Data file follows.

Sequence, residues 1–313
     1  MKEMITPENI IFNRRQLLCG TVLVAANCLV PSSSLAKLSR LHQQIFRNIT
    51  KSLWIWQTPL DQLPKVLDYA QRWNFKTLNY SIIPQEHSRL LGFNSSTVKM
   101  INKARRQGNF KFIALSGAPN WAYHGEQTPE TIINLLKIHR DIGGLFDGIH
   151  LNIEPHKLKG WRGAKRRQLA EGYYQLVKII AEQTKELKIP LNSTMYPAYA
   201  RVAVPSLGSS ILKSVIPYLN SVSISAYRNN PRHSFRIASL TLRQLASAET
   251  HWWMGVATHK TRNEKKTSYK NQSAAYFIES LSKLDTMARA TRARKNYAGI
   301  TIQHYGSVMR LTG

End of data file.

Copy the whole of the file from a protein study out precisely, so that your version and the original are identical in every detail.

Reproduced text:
Sequence, residues 1–313
     1  MKEMITPENI IFNRRQLLCG TVLVAANCLV PSSSLAKLSR LHQQIFRNIT
    51  KSLWIWQTPL DQLPKVLDYA QRWNFKTLNY SIIPQEHSRL LGFNSSTVKM
   101  INKARRQGNF KFIALSGAPN WAYHGEQTPE TIINLLKIHR DIGGLFDGIH
   151  LNIEPHKLKG WRGAKRRQLA EGYYQLVKII AEQTKELKIP LNSTMYPAYA
   201  RVAVPSLGSS ILKSVIPYLN SVSISAYRNN PRHSFRIASL TLRQLASAET
   251  HWWMGVATHK TRNEKKTSYK NQSAAYFIES LSKLDTMARA TRARKNYAGI
   301  TIQHYGSVMR LTG